Phase III, graduate school: Remember how I said that I watched a lot of TV in grad school? I also rewatched a bunch of movies because I found that I wrote papers best when I used movies I knew very, very well as background noise. You know, movies I could pretty much recite line for line as I was watching.
Clueless was one of those movies. But it kind of went beyond that. I actually was so obsessed with it that I screencapped the entire movie. For fun. I spoke almost exclusively in Clueless quotes (there’s a Clueless quote for every occasion). I created a mood theme on LiveJournal. For those of you who don’t know, that takes an extremely long time. Not only did I have to find a picture for every mood, but I also then had to crop them and upload them and etc., etc., etc.
You know, now that I think about it, I was a little nuts in grad school. But I digress.
Phase IV, now: I own Clueless on DVD of course (and VHS, too, naturally), but I may or may not have watched it a time or two or several on Netflix. Most importantly, though, I have introduced my daughter to Clueless, and she enjoys it. Does she love it the way I do? No. Did she consider blowing her road test to get her driver’s license to imitate Cher? Maybe.
Shout out to my daughter for the driving test bit since I wasn’t sure which clip to pick for this. How do you choose your favorite scene from your favorite movie when you love every. single. scene? I mean, they are pretty much all perfection. Even this clip is infinitely quotable — and that’s even before the actual driving test.
So, yes, Clueless is amazing, and if you haven’t watched it already, you definitely should. And if we ever have a conversation, you’ll get about a quarter of the pop culture references I make.
For the A to Z challenge, I’ll be blogging about fannish pursuits (aka things I’m a fan of or have strong feelings about). Tune in tomorrow to see what I picked for D!
I missed last week, so let’s do a little catch up, shall we?
Since my last post, I read:
I don’t typically read traditional romance stories, but this one seemed to check all the boxes pretty well. I was more intrigued by the character of Alanza than Mariah, but it was fun reading about life on a ranch and all of the other fun historical tidbits that you get from historical fiction.
Read Harder 2016: Read a book of historical fiction set before 1900
Okay, so I listened to this on audio, which I think made it just that much more amazing.
Leah is a complete badass and spills ALL THE TEA. All of it. Every last drop. My girl names names and everything. ALL OF THE NAMES.
I love this book. Love, love, love. Remini is fierce and funny and also a little hood, which I completely appreciated.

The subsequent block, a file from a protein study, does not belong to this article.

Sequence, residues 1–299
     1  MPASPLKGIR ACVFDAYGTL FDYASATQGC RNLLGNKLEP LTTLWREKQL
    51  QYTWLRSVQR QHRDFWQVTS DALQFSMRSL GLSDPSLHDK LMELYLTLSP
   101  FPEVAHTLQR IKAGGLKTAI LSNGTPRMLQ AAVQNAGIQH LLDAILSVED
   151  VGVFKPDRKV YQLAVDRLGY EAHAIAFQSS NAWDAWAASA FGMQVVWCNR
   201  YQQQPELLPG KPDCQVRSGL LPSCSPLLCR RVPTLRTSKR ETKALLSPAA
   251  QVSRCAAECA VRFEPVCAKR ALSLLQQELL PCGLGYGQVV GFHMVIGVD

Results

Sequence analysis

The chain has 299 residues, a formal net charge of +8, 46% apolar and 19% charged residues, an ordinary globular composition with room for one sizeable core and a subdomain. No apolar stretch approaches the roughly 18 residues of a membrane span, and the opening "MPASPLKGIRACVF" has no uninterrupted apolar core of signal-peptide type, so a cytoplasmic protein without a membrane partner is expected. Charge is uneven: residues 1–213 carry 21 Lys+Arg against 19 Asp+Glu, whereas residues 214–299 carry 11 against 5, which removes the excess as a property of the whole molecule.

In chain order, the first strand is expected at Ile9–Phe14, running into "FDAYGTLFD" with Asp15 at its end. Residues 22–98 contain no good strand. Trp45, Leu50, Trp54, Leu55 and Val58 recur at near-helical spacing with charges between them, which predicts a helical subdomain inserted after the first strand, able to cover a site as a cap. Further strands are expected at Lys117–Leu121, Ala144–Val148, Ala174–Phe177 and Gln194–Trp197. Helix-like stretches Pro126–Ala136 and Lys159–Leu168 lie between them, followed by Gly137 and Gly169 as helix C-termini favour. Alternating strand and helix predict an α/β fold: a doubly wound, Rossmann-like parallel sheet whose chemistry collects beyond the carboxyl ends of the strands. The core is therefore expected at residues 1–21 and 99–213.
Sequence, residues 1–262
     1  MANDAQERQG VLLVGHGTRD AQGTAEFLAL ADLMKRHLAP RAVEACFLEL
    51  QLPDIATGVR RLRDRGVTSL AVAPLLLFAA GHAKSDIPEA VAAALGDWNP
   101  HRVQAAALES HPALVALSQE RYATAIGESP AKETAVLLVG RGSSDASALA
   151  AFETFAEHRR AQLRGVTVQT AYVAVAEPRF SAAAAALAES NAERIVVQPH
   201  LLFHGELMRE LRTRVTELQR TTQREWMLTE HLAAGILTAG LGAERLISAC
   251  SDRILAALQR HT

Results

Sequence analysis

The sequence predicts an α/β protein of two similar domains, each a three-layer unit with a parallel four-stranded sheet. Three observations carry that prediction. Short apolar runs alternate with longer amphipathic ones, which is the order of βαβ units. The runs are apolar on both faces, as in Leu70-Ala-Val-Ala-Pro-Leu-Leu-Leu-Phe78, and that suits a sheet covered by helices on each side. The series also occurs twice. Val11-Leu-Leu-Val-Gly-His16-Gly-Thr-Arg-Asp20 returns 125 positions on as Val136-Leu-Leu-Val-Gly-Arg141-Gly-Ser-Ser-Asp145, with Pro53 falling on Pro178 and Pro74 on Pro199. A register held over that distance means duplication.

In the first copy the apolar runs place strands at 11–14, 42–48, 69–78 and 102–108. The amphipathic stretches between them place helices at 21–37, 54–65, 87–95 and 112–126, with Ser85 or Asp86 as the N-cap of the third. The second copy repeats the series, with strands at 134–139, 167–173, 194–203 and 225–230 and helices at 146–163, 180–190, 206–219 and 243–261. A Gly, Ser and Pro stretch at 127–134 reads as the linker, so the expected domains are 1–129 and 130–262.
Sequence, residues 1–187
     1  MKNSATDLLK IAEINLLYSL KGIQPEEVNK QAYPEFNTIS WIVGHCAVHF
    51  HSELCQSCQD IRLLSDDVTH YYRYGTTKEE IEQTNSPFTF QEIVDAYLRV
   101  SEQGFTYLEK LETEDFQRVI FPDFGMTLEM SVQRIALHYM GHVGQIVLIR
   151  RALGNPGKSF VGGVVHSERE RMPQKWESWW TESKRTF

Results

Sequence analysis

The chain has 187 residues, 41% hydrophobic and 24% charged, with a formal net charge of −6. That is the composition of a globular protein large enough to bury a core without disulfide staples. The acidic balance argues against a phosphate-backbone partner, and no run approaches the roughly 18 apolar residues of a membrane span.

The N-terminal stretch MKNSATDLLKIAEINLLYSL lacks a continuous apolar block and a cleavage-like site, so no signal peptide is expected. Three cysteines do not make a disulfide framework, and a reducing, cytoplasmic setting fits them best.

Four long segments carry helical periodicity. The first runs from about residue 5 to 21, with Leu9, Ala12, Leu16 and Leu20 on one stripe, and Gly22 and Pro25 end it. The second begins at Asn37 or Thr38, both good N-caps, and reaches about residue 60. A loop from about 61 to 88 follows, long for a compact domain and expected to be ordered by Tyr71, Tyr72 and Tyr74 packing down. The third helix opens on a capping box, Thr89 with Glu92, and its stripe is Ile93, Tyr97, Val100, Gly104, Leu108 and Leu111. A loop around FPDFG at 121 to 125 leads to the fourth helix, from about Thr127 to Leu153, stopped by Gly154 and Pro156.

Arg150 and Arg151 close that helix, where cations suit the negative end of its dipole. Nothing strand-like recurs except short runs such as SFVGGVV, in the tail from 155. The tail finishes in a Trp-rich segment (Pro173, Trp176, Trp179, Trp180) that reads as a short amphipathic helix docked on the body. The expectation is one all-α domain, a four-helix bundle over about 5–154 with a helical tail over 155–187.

Read Harder 2016: Read a book about religion (fiction or nonfiction)
I also went to see:
Zootopia! I don’t make it to the movies often, but my daughter’s birthday was Wednesday, and she really wanted to see Zootopia, so off we went. It was a lot of fun and also a really practical look at how structural racism and sexism (and other forms of discrimination work). Allegory, yay! Anyway, my daughter liked it so much that she has already seen it again, so I can highly recommend it.
As of today, I’m reading:
I’m still making my way through Something Wicked by Alan Gratz. Poor Banks (Banquo), man.
I also started Necessary Endings by Henry Cloud, which is all about recognizing when it’s time to move on from situations in your life. I was introduced to the book through a small group study at my church, which I got a lot out of, so I figured I should probably read the book to get a little more understanding, so here we are. This article provides a little bit more info about the concepts covered in the book, if anyone is interested.
I’ve been reading House of Many Ways by Diana Wynne Jones (the last book in the Howl’s Moving Castle trilogy) at work for the past week. I like the book well enough so far, but I legit keep forgetting about it until I get to work or unless I’m at work. So I guess this is the equivalent of a bathroom book in that way. We’ll see if it picks up. Or if I give up on it altogether. (I will probably finish it since I keep being amazed at how far into it I actually am. Maybe.)
Happy reading this week, everyone!
The best thing for me about watching movies in the theater is observing audience reactions—especially one that’s based on a pretty popular book. I read Gone Girl by Gillian Flynn (my Goodreads review) about a month before going to see it whereas the friend I went with had read it more than a year ago. The women sitting behind us clearly hadn’t read it AT ALL, and so we all had different reactions to what happened.
See, the crazy was fresh in my mind, and my friend remembered that there was a lot of crazy, even if she couldn’t remember anything beyond the big stuff. Those other women, though? Gasps and exclamations throughout. Lots of “OMG” and “What the…?” Me, I was just like, “Yep, everybody in this story is still crazy.”